On-Street Parking Enhancements

On-street parking can be both a benefit and a detriment to pedestrians. On-street parking increases positive "friction" along a street and can narrow the effective crossing width, both of which encourage slower speeds. Parking can also provide a buffer between moving motor vehicle traffic and pedestrians along a sidewalk. In addition, businesses that rely on on-street parking as opposed to parking lots are more geared toward pedestrian access; they're more likely to orient their building to the sidewalk. This attention can foster a more vibrant pedestrian commercial environment.

Diagonal on-street parking has been provided on some downtown streets to provide additional parking and create "friction" for drivers (leading them to drive more slowly) that improves the pedestrian environment. Diagonal parking may require more attention to improve visibility at crossings and intersections, and it should not be used on high speed or busy streets. Back-in diagonal parking is also an option, and it may be preferred by those who fear the "back-out-into-traffic" aspect of conventional diagonal parking.

On the other hand, parking creates a visual barrier between motor vehicle traffic and crossing pedestrians, especially children and people using wheelchairs. Therefore, where there is on-street parking, curb extensions (also called bulb-outs) should be built where pedestrians are expected to cross the road. Care should be taken to accommodate storm water runoff with curb extensions.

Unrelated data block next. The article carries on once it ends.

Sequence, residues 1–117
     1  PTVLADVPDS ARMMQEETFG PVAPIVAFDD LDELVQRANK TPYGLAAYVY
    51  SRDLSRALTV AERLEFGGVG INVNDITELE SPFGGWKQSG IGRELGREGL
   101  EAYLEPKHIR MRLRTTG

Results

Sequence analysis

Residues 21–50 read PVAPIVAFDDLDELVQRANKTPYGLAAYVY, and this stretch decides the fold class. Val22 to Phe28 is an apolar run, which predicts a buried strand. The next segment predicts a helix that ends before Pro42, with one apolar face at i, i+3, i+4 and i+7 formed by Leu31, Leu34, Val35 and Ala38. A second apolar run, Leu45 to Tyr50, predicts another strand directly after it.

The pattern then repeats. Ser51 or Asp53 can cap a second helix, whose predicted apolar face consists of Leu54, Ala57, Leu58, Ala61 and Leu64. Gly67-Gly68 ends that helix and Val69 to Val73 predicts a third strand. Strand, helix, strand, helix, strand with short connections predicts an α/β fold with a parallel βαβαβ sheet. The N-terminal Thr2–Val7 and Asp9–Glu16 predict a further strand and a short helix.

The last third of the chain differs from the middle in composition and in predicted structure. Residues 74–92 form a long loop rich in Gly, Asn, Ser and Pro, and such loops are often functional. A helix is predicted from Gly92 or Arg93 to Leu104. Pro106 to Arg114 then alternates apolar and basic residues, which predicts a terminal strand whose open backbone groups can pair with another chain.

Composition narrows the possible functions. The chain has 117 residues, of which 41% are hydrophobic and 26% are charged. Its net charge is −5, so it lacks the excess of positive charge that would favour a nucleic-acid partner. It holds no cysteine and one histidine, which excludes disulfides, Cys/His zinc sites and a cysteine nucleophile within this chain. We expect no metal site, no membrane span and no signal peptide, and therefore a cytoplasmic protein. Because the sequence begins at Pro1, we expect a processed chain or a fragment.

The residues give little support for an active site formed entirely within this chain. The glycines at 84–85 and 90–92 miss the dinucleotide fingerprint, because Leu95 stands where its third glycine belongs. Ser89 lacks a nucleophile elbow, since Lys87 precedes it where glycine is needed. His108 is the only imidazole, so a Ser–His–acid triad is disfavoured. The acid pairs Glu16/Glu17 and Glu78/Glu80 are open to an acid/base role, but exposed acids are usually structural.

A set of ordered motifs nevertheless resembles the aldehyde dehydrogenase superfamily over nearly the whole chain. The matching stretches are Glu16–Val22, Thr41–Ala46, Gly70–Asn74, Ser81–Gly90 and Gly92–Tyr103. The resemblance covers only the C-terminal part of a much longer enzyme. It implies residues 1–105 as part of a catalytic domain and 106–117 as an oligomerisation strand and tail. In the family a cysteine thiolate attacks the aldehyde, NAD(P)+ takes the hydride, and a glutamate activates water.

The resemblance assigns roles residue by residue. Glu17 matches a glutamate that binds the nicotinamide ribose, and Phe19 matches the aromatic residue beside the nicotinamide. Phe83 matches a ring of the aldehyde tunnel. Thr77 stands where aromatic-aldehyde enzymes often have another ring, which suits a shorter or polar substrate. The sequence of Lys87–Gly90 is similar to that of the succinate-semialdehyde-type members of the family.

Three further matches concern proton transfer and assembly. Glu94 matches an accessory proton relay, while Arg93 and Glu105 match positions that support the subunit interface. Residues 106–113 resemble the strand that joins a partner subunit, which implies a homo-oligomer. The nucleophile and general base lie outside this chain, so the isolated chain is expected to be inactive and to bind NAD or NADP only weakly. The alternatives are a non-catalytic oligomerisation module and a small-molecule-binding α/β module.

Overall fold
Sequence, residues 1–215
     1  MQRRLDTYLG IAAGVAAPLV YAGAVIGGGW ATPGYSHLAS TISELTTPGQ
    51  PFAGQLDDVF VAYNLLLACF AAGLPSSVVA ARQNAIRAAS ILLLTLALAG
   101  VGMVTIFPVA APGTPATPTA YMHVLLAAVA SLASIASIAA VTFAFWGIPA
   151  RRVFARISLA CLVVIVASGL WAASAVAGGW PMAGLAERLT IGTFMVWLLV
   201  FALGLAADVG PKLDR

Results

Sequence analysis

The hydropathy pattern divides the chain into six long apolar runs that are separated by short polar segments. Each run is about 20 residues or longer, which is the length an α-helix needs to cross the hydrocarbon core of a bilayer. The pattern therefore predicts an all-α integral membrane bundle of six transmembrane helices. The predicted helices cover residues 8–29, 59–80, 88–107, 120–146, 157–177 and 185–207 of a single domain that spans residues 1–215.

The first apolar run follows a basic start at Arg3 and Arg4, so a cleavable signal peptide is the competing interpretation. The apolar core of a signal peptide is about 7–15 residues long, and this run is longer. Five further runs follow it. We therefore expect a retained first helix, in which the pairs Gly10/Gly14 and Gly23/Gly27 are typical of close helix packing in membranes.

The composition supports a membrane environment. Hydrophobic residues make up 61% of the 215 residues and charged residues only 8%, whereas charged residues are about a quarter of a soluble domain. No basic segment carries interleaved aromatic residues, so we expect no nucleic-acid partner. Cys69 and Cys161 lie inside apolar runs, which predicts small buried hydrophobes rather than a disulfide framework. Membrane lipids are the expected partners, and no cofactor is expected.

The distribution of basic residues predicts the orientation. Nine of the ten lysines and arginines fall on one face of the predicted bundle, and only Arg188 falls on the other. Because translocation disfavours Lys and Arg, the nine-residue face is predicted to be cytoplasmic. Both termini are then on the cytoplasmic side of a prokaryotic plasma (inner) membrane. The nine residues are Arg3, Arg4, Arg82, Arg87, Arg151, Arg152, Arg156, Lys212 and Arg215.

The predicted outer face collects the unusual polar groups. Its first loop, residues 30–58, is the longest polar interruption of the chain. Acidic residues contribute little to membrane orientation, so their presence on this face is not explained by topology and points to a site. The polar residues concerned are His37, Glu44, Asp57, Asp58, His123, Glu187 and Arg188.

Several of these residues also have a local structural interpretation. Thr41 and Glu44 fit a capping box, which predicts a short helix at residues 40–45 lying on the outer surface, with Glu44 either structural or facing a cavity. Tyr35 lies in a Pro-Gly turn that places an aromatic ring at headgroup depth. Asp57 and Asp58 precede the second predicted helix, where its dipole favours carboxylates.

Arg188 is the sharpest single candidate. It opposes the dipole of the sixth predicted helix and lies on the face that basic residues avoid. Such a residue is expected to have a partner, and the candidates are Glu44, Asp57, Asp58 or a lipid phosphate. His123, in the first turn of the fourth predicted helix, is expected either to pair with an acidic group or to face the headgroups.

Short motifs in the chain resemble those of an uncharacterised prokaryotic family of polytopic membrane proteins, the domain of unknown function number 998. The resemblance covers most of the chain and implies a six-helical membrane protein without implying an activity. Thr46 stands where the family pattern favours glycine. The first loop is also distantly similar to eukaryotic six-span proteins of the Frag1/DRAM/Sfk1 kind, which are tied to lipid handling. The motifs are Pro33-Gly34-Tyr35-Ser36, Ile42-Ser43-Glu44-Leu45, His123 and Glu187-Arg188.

Parking needs to be removed on the approaches to crosswalks. At least 6 m (20 ft) of parking should be removed on the approach to a marked or unmarked crosswalk and about 6 m (20 ft) of parking should be removed downstream from the crosswalk. Some agencies require the removal of 9 to 15 m (30 to 50 ft) of parking from intersections for pedestrian safety reasons. Well-designed curb extensions can reduce these distances and minimize the loss of on-street parking spaces.


  • Provide motorist access to destinations along a street
  • Aid in speed reduction by increasing friction along the street
  • Provide a buffer between sidewalk edge and moving traffic


  • On-street parking may take up space desired for other uses, such as wider sidewalks, landscape strips, or bicycle lanes.
  • Approaches to crosswalks and intersections should be cleared or curb extensions added at crossing locations for pedestrian safety.
  • Parking meters should be used in downtown areas where there is a need for parking turnover. This can generate revenue for the community.

Estimated Cost

$30 to $150 per parking sign. About $300 per parking meter and installation. Curb paint and parking stall markings or striping costs are additional (optional). Parking meters can bring in considerable revenue, both in parking fees and parking citations that can more than offset their initial cost and on-going maintenance. Also, on-street parking is considerably less expensive than off-street parking, due to the reduced surface area needed (e.g., no access roads or aisles) per parking spot.